Alabama Governor Renovates Mansion With BP Oil Spill Money


Alabama is reportedly using money left over from a grant from BP after the 2010 Gulf oil spill to repair and renovate a beachside governor's mansion.

In December, second-term Republican Gov. Robert Bentley's office acknowledged that the up to $1.8 million project was underway and would be completed by May, The New York Times reports.

The decision has sparked controversy, including questions about whether the renovation is the best use of the state's resources.

"The so-called governor's mansion at the beach is a textbook example of poor stewardship of public resources," Jim Zeigler, the state auditor, told The New York Times. "The Alabama government is bad about taking money for one purpose and diverting it to somebody's pet project."

The 7,446-square-foot mansion, which lies on the Fort Morgan Peninsula, was badly damaged in 1997 by Hurricane Danny and has been decrepit and abandoned since. Neighbors have reportedly complained about the state of the building, which has boarded-up windows and a torn tarp covering its roof.

"The governor doesn't want this property to be an embarrassment any longer," Jennifer Ardis, a spokeswoman for the governor, told The Associated Press.

Once the home is renovated, Bentley plans to use it to lodge visiting business executives considering Alabama for projects. Bentley may also occasionally stay in the mansion.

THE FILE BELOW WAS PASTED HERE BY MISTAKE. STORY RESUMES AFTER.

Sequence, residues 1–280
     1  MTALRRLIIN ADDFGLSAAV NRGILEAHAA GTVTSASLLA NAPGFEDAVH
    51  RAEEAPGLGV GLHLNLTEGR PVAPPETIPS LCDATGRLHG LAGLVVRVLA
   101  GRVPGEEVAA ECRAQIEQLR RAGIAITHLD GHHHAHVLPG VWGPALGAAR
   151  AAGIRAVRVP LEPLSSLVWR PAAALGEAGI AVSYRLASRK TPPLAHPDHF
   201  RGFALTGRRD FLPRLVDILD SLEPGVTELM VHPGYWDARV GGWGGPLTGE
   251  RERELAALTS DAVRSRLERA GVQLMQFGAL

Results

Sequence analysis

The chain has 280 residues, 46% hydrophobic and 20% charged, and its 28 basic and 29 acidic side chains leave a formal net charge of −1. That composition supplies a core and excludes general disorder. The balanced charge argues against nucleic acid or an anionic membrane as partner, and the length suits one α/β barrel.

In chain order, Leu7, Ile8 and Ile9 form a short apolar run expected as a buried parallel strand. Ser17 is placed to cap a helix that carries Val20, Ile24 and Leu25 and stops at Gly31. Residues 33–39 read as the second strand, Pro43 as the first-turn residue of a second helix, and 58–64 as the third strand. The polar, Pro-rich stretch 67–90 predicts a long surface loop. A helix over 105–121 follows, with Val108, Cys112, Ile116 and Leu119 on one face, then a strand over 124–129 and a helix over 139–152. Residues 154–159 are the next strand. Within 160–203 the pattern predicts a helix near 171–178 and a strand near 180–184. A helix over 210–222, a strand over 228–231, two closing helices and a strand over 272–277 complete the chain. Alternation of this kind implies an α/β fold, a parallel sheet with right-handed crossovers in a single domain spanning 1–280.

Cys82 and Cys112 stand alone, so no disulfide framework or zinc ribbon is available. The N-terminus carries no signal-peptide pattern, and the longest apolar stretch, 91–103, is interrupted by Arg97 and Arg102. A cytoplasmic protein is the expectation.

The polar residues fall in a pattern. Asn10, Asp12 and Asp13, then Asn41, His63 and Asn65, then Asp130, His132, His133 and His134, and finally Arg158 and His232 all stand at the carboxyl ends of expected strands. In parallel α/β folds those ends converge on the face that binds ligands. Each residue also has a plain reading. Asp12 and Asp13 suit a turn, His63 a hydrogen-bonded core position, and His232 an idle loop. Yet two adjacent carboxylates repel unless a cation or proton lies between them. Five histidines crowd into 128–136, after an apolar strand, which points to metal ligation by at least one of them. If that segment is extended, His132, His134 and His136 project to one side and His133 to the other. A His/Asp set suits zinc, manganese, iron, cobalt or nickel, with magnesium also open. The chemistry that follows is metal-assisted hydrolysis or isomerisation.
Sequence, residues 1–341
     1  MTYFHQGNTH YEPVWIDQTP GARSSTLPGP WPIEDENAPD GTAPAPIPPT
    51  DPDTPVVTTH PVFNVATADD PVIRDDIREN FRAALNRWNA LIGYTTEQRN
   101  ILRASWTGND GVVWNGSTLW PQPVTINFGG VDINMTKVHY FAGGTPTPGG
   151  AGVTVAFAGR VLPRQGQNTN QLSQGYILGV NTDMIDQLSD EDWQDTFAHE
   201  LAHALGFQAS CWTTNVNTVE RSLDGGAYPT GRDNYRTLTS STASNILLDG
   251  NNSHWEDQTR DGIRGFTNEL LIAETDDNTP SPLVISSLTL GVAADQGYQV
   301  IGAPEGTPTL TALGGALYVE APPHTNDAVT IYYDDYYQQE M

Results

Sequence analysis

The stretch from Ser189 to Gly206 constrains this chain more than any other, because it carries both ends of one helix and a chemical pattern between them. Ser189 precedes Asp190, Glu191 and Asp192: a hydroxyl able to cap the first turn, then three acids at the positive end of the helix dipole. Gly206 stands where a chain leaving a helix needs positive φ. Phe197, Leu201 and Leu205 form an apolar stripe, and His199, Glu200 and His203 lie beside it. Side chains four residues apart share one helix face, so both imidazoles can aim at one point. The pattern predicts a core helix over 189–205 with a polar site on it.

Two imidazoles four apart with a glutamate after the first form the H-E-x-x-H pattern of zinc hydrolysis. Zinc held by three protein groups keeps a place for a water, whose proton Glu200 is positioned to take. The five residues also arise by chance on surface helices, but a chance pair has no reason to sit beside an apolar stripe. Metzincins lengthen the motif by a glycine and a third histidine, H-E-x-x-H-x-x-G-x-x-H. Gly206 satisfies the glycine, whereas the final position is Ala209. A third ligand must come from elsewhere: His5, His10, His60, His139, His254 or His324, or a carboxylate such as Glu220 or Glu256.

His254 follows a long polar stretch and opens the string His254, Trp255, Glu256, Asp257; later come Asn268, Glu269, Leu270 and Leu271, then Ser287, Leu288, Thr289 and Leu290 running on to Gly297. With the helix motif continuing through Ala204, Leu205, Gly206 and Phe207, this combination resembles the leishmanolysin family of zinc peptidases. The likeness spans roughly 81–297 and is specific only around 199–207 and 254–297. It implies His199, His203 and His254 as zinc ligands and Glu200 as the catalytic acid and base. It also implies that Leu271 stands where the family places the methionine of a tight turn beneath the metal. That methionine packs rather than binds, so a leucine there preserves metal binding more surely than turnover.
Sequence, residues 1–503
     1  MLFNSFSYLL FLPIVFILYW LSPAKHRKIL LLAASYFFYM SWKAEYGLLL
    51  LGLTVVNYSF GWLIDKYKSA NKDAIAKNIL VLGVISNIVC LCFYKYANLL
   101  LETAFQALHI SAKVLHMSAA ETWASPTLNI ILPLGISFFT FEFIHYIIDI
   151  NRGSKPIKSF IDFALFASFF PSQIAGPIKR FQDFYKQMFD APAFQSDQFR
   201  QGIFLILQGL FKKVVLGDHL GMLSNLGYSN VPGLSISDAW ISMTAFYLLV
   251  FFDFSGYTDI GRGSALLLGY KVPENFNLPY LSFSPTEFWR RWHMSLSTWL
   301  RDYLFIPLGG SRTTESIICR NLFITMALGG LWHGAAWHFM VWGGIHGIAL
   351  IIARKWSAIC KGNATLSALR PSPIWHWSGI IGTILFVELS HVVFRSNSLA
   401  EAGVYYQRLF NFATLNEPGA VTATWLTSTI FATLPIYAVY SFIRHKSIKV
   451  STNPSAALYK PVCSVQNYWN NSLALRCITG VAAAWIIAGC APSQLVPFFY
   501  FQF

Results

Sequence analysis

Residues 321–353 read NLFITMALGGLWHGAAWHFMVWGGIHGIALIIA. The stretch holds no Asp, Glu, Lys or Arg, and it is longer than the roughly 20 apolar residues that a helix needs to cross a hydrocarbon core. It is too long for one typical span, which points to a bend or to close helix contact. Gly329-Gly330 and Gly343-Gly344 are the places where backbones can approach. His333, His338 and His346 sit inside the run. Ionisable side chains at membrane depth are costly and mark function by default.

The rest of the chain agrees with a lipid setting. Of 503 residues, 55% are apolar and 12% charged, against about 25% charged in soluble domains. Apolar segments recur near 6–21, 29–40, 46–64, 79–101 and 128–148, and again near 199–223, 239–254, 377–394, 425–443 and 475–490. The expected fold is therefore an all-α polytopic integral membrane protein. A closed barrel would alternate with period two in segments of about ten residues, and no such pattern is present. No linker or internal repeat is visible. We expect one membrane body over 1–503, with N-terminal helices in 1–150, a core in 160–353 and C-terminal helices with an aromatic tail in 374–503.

The plan has been received poorly by some in coastal areas of Alabama still recovering from the oil spill.

“Obviously, there are other things out there that are arguably more important, more pressing that could use that amount of money,” Jeff Collier, mayor of Dauphin Island, told The New York Times. “We still have unmet needs, and, unfortunately, after it’s all said and done, we’ll probably still have those.”

In a Facebook post, Zeigler wrote that Bentley only made plans to renovate the mansion after he lost two beach homes in a divorce. Bentley denies the claim, pointing to the plans dated Aug. 27, 2015. His wife filed for divorce the following day.

"We've been working on this for a long time," he said. "Alright?"

Sources: New York Times, AP via CBS News / Photo Credit:  Governor Robert Bentley/Flickr, Sutherland Boswell/Wikipedia

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